Scientific name: Octopus vulgaris (Cuvier, 1797)
Seasonality: all the year
Biological and ecological features of the species: The octopus has three hearts and can change colour very rapidly. It uses this skill is to blend into its environment and to communicate with other octopus. It has a double row of suckers on each of its eight tentacles, this distinguishes it from the musky octopus that has just one row of suckers. In the middle of its eight tentacles, on the underside its mouth can be found with a horny beak used to crack shells and the carapace of crustaceans on which it feeds.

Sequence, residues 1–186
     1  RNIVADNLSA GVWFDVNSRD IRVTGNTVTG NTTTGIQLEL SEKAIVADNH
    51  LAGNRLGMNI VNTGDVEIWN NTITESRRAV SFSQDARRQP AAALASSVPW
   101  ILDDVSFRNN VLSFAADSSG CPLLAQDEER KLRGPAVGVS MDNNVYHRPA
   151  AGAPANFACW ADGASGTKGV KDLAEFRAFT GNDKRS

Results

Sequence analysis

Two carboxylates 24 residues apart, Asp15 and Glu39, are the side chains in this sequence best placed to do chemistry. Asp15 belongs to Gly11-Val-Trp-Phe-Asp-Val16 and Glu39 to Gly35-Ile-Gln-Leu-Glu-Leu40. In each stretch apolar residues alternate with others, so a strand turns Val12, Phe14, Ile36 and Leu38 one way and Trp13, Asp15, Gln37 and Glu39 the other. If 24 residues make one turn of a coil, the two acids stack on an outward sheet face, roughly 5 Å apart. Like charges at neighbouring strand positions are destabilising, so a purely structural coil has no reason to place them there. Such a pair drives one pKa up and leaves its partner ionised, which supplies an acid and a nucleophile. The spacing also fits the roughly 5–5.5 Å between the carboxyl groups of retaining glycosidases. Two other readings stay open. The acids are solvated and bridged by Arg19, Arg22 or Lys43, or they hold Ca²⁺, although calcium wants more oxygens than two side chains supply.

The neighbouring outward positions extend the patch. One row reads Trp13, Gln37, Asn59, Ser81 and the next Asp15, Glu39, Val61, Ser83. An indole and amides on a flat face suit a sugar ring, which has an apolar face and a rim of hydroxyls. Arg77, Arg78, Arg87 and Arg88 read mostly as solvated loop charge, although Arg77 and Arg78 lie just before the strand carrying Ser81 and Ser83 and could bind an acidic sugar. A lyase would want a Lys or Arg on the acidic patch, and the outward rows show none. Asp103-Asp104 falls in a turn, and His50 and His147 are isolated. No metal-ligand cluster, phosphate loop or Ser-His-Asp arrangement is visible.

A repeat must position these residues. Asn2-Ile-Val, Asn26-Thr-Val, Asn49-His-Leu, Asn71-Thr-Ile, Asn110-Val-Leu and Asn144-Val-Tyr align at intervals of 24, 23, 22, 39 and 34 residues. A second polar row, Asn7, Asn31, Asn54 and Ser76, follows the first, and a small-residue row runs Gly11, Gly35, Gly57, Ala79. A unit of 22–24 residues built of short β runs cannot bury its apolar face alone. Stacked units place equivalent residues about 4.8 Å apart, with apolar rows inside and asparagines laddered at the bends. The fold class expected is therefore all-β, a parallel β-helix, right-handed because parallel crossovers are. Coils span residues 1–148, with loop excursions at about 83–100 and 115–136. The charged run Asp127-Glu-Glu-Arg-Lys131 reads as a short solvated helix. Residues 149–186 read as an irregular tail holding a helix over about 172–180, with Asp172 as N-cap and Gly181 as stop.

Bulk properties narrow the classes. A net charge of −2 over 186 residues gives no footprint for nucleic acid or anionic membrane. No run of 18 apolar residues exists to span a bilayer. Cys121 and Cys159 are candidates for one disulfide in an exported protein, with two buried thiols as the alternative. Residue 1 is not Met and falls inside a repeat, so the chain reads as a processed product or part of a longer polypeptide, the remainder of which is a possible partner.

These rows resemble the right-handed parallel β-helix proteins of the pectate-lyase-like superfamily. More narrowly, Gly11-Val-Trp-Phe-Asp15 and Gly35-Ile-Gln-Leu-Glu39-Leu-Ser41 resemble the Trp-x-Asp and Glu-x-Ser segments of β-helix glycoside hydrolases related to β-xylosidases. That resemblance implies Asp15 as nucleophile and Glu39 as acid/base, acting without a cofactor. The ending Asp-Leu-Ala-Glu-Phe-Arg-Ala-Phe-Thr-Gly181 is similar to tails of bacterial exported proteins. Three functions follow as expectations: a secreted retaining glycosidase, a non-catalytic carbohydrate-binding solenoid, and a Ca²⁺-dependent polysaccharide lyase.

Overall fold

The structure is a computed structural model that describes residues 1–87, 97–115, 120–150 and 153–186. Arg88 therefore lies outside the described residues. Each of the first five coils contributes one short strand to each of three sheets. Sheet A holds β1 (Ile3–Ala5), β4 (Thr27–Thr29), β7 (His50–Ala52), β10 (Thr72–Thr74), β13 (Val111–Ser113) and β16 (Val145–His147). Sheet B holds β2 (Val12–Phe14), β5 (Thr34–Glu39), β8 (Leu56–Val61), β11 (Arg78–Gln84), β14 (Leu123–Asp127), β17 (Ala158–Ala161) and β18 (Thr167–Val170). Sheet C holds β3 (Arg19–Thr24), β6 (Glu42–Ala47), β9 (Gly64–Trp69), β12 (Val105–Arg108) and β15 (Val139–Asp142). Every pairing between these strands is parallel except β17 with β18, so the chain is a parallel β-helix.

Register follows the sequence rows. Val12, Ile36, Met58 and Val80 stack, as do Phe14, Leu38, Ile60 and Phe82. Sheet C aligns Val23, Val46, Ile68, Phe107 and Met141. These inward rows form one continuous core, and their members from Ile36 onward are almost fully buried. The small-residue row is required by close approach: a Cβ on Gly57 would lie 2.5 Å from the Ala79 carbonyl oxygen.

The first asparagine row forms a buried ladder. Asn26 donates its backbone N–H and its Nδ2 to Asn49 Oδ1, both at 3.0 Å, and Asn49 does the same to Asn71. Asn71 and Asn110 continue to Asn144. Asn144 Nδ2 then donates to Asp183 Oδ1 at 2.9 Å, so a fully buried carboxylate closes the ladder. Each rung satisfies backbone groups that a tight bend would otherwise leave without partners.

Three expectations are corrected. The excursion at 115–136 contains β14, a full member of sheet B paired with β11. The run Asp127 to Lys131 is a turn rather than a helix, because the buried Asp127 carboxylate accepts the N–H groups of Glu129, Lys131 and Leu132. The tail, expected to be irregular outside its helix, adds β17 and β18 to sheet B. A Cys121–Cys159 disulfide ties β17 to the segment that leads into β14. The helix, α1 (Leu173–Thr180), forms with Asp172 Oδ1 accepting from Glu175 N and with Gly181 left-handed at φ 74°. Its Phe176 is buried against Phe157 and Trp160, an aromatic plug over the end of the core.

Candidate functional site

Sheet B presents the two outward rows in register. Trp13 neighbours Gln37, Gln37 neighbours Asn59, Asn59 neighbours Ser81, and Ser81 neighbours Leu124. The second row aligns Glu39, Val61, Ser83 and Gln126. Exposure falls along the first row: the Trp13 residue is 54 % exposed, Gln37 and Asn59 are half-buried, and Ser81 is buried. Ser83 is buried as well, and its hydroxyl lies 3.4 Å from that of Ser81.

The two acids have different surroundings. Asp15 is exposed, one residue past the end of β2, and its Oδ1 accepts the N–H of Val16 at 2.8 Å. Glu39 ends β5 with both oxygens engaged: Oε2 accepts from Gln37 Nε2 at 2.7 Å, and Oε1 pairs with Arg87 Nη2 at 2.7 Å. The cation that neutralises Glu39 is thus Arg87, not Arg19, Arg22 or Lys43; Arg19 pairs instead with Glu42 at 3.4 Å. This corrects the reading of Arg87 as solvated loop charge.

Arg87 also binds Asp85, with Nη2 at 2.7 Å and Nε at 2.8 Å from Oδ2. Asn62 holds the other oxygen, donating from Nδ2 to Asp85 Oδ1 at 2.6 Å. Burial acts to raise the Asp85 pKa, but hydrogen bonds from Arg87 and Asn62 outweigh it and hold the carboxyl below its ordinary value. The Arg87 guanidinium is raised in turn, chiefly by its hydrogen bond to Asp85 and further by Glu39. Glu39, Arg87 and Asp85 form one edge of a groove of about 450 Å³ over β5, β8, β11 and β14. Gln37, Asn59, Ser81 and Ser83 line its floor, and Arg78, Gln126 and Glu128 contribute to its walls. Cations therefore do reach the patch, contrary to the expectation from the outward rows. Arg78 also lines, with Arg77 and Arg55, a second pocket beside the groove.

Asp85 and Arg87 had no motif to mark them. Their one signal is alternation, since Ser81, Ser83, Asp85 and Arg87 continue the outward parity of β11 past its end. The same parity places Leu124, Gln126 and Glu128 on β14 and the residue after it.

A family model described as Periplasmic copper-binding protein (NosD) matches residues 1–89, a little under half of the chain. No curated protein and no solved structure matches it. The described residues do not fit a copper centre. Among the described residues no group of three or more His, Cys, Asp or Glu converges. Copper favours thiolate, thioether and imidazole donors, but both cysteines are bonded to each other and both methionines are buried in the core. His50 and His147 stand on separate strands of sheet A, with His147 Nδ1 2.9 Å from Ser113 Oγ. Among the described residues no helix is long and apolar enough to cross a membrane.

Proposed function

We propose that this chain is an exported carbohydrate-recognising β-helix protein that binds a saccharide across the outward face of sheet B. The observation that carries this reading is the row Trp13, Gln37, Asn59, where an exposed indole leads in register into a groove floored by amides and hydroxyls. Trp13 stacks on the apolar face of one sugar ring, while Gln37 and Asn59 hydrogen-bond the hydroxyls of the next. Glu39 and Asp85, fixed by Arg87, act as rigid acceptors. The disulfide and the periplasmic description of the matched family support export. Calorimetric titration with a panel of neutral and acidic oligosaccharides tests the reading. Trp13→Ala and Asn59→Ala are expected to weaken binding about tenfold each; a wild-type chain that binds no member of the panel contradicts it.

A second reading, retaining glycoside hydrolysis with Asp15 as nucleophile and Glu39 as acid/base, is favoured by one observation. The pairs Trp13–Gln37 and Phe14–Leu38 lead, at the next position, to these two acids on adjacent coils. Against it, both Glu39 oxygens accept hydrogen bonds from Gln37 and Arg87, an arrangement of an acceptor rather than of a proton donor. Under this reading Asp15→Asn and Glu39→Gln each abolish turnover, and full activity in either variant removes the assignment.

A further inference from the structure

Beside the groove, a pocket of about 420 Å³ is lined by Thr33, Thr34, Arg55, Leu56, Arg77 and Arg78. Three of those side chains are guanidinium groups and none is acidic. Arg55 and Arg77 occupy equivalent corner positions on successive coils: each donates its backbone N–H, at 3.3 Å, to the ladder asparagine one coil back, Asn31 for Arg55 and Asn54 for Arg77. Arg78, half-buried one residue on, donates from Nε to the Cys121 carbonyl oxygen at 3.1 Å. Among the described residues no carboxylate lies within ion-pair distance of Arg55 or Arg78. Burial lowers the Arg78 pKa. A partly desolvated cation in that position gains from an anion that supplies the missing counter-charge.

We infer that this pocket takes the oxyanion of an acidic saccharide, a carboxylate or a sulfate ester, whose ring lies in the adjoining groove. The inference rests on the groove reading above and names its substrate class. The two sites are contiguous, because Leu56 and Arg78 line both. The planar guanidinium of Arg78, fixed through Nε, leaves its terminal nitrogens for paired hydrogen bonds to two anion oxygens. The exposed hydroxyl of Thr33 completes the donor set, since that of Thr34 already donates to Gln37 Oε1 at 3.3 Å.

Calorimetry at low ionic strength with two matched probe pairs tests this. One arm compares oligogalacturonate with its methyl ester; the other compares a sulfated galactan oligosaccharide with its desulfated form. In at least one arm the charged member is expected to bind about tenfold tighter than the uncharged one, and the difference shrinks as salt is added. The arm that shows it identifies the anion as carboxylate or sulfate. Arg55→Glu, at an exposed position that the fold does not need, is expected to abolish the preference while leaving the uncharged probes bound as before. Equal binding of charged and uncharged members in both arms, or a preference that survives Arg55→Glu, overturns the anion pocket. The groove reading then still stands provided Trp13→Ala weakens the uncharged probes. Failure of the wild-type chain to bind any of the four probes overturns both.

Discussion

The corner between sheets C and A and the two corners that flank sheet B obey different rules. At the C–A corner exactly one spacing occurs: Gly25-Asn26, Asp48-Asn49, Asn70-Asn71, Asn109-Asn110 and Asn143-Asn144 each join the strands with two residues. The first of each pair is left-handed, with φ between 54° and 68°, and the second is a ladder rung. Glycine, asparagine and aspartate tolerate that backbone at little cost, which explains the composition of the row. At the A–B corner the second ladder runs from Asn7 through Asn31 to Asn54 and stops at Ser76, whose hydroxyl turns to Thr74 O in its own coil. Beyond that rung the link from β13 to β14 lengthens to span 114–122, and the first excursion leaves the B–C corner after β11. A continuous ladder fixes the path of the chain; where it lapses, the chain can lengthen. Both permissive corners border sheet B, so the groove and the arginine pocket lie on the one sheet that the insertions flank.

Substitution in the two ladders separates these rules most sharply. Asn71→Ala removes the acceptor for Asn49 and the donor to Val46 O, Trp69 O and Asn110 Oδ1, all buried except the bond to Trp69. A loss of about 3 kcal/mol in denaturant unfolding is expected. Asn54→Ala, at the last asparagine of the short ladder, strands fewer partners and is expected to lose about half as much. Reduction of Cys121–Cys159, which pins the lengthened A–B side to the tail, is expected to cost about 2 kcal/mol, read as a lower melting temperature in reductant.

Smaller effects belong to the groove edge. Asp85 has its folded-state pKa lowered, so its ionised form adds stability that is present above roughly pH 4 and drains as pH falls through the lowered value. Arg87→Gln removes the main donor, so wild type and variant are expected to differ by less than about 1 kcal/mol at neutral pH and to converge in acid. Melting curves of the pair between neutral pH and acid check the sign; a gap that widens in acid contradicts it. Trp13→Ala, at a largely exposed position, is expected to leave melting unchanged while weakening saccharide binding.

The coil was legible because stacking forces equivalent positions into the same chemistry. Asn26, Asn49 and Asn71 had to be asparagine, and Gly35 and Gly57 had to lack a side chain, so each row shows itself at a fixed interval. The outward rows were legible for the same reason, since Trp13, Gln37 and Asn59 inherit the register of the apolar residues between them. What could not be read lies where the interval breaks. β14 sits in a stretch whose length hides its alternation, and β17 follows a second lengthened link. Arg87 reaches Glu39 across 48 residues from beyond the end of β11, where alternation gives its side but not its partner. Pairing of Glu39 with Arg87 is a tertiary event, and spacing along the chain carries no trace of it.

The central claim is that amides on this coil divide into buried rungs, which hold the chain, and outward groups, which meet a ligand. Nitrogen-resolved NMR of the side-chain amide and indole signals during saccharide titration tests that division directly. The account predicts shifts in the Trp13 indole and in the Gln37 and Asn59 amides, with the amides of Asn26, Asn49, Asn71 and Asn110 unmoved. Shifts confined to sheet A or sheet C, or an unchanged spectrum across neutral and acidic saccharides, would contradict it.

Max length: 1 mt
Minimum conservation reference size: not applicable
Fishing gear: Bottom trawl
Nutritional qualities: From a nutritional point of view, octopus, like other cephalopod mollusks, is rich of connective tissue, a feature giving it a tough texture. This species contains a low amount of protein in comparison with fish. Due to the low lipid and high water contents, the energy value of this species is very low. Octopus is a good source of zinc, iron and magnesium. It is also a discrete source of omega-3 fatty acids.